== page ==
Chinese Medicine
Vol.3 No.1(2012), Article ID:18047,3 pages DOI:10.4236/cm.2012.31001

The Use of Kigelia africana in the Management of Polycystic Ovary Syndrome (PCOS)

Oyeku A. Oyelami, Kafayat O. Yusuf, Atinuke O. Oyelami

Department of Paediatrics and Child Health, Obafemi Awolowo University (OAU), Ile-Ife, Nigeria


Received April 7, 2011; revised April 28, 2011; accepted May 10, 2011

Keywords: Kigelia africana; Polycystic Ovarian Syndrome; Amenorrhoea


This paper reports the beneficial effect of twice daily ingestion (a table spoonful) of dried Kigelia africana fruit powder in the management of Polycystic Ovary Syndrome (PCOS) in two patients. Both patients had the classical triad of Amenorrhoea, acne and hirsutism. The two were 25 years old and 22 years old spinsters respectively. The ultrasonography was suggestive only in the latter; unfortunately there were no facilities to do the confirmatory serum enzymes assay. The use of herbal preparation restored the menstrual flow in both of them as well as leading to significant reduction in the acne but there was no noticeable effect on the hirsutism. There was no observable side effect associated with the use of the powder. These preliminary data thus suggest that Kigelia africana fruit powder may be beneficial for cases of PCOS especially in the developing countries where the new generation oral contraceptives, presently being used for the condition, may not be readily available.

1. Introduction

Kigelia africana (Lam) Benth (Bignoniaceae) Figure 1 is widespread across Africa and is found in most wet savannah and riverine areas. Growing over 20 m high, it is semideciduous with grey-brown smooth bark. The fruits are large grey-green “sausages” about 30 - 60 cm long which hang on stalks from the tree [1]. The fresh fruit is poisonous and strongly purgative; for safety reasons, fruits are best prepared for consumption by drying, roasting and fermentation. Each fruit weighs between 5 - 10 kg [1]. The fruit is eaten by several species of mammals, including baboons, bush pigs, savannah elephants, giraffes, hippopotami, monkeys and porcupines [1].

In most parts of Africa the Kigelia fruit has a long history of both consumption and topical application. It is valued as an aphrodisiac, a disinfectant and a cure for dermal complaints. Adolescent boys and girls use the fruit for enhancing growth of the genitalia and breasts respecttively. Women rub the ointment made from Kigelia fruit pulp, into their breast as a skin tightening, breast firming and enlarging treatment. They also use the ointment to ensure a clear blemish-free skin. The Yoruba in South Western Nigeria, the ethnic group to which both the writers and the patients belong, believe the fruit is an antidote to virtually all gynaecological problems. In addition, the fruit is used effectively in dressing sores and wounds both for humans as well as animals and for a wide variety of skin afflictions, ranging from eczema, ulcers, acne, skin

Figure 1. Picture showing Kigelia africana fruits hanging on the tree [1].

cancer and fungal infections. Scientific literature confirms the validity of many of these traditional uses due to the presence of numerous secondary metabolites. These compounds include iridoids, flavonoids, fatty acids, sterols, glycosides and naphthoquinones [1-3].

Polycystic Ovary Syndrome (PCOS) remains a syndrome, a heterogenous disorder not a specific disease. As a syndrome, there is a group of symptoms and signs that are recognized to be associated with each other but are without an understood common cause. The usual symptoms and signs identified with PCOS are oligoor amenorrhoea, infertility, hirsutism, obesity, polycystic ovaries, androgen excess, Insulin Resistance (IR) and elevated LH (Luteinizing Hormone)/FSH (Follicle Stimulating Hormone) ratio. PCOS is the most common endocrinopathy in women, occurring in about 5% of reproductive aged women. Unexplained hyperandrogenism is the key finding. Laboratory evidence of hyperandrogenaemia can often be provided by measurement of serum free or total testosterone, androstenedione or dehydroepiandrosterone sulfate [4,5].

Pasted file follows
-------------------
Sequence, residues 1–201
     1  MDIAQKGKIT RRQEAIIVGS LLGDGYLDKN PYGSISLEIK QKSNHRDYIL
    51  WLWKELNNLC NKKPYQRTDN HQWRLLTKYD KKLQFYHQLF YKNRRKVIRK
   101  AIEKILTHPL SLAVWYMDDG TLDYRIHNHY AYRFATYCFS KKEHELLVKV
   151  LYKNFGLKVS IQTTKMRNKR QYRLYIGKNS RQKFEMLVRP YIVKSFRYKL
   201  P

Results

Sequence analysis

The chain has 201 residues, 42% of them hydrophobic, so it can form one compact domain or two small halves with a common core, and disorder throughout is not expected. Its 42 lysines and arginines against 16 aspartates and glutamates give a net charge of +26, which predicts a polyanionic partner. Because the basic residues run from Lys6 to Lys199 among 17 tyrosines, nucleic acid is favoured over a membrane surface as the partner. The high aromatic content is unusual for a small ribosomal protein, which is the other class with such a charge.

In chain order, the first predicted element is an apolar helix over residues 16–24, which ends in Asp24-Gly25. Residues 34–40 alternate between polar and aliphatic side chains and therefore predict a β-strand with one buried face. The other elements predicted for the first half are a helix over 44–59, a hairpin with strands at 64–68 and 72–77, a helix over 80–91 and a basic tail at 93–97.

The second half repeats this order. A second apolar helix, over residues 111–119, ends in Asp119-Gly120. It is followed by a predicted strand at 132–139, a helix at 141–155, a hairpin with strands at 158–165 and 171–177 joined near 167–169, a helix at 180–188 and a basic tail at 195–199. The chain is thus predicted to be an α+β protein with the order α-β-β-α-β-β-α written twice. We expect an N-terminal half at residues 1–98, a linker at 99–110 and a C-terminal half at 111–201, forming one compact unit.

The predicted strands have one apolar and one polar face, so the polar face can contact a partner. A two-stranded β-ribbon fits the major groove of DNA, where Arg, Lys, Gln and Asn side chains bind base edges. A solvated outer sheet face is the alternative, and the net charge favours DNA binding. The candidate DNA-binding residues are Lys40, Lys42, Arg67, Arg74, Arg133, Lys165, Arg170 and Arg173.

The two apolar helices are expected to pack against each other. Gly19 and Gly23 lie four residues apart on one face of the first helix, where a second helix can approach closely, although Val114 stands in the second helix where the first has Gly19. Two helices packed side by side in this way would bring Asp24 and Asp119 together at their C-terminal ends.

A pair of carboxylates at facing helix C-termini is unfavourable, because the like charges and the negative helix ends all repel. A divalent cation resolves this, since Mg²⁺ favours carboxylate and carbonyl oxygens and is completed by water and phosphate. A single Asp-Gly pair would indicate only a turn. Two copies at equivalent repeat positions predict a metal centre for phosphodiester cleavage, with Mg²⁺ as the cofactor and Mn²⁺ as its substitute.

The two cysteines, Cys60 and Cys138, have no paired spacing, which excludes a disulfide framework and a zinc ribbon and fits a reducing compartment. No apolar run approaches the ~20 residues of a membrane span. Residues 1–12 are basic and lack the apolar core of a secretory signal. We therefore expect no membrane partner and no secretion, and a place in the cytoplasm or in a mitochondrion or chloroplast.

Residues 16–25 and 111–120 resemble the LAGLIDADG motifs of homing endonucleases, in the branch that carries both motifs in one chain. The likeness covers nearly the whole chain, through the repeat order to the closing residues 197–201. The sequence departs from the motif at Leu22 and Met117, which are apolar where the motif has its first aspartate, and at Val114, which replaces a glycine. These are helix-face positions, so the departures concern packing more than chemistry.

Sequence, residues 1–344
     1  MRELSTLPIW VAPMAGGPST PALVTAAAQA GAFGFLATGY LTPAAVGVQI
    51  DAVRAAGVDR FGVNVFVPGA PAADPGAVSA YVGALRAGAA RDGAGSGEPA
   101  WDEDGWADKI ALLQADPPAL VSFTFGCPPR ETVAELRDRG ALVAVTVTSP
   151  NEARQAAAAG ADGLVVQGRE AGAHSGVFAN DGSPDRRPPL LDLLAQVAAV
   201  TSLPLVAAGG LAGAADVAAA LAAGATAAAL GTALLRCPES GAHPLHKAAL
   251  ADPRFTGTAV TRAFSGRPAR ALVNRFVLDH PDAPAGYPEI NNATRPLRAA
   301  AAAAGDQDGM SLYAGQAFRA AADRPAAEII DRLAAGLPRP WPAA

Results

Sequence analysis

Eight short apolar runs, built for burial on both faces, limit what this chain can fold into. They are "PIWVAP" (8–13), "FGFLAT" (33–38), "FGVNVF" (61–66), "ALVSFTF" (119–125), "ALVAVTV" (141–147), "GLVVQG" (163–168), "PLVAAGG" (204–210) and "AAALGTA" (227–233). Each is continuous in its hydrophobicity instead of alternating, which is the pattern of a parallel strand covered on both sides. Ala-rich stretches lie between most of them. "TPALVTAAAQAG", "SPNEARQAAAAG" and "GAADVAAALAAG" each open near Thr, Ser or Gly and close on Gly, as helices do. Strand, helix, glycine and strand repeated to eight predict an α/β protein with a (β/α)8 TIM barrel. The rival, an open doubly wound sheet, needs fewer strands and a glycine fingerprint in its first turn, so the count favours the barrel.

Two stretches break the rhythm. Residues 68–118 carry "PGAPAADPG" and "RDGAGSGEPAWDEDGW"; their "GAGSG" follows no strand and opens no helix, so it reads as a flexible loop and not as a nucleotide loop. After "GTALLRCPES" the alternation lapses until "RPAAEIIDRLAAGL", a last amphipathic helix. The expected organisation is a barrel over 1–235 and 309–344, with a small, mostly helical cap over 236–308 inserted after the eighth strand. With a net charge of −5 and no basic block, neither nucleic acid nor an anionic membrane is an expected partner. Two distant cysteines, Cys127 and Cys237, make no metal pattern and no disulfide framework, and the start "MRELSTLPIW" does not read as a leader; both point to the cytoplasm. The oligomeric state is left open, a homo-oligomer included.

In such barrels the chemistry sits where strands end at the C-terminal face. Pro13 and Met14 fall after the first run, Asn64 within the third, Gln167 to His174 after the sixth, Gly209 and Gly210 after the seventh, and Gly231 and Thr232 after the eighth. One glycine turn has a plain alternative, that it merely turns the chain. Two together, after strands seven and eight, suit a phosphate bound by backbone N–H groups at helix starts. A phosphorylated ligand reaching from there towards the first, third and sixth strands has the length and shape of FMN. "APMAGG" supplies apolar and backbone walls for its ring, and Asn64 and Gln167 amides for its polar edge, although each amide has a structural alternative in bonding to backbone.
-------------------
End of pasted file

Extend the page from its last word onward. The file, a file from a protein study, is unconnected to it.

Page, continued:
Although not essential to its definition, PCOS will usually be accompanied by polycystic ovaries in about half the women. Differential diagnosis will include non-classic adrenal hyperplasia and androgen producing ovarian tumors. For most women with PCOS trying to conceive, the first medication option is to induce ovulation with clomiphene while metformin will be needed for Impaired Glucose Tolerance (IGT). In women with PCOS not trying to conceive, the menstrual irregularity is usually best treated with the combined oral contraceptive [4].

2. Case 1

The first patient was a 25 year old undergraduate who was to be recruited for the trial of herbal soap because she was noticed to have acne especially on the forearm bilaterally. She later confessed to having amenorrhoea on and off (sometimes for 6 months) since she reached menarche at 14 years. She had not menstruated for about 6 months when first seen. She was also having boils on and off in both armpits and the perineum. She was otherwise in good health and a non-smoker.

Physical examination revealed a well-sized lady with a height of 5 feet 7 inches, a weight of 62 kg and SMR (Sexual Maturity Rating) of 5 (adults). She had hirsutism with male pubic hair distribution, acne that was pronounced on the forearm bilaterally and few acanthosis nigricans. She had two healing boils in the perineum and a blood pressure of 130/90. There were no facilities to assay the necessary serum enzymes.

The lady, who was first seen in September 2008, was commenced on the sun-dried powder of Kigelia africana after obtaining her consent, by the first author (OAO). The fruit was identified in the herbarium of the Faculty of Pharmacy, Obafemi Awolowo University, Ile-Ife, Nigeria. The patient was taking 1 tablespoonful of the powder twice daily about 30 minutes before food. The powder was prepared by chopping the ripe fruits into small pieces, sundried and then blended. The powder was prepared by the third author who is experienced in herbal preparation and the blending was done at the Department of Pharmacognosy, Obafemi Awolowo University, IleIfe. By late November, 2008, the lady started menstruating. The menstruation was regular until February, 2009 when the lady discontinued the use of the powder due to fear of long term side effect particularly chronic renal failure which is often touted as a long term complication of herbal remedies.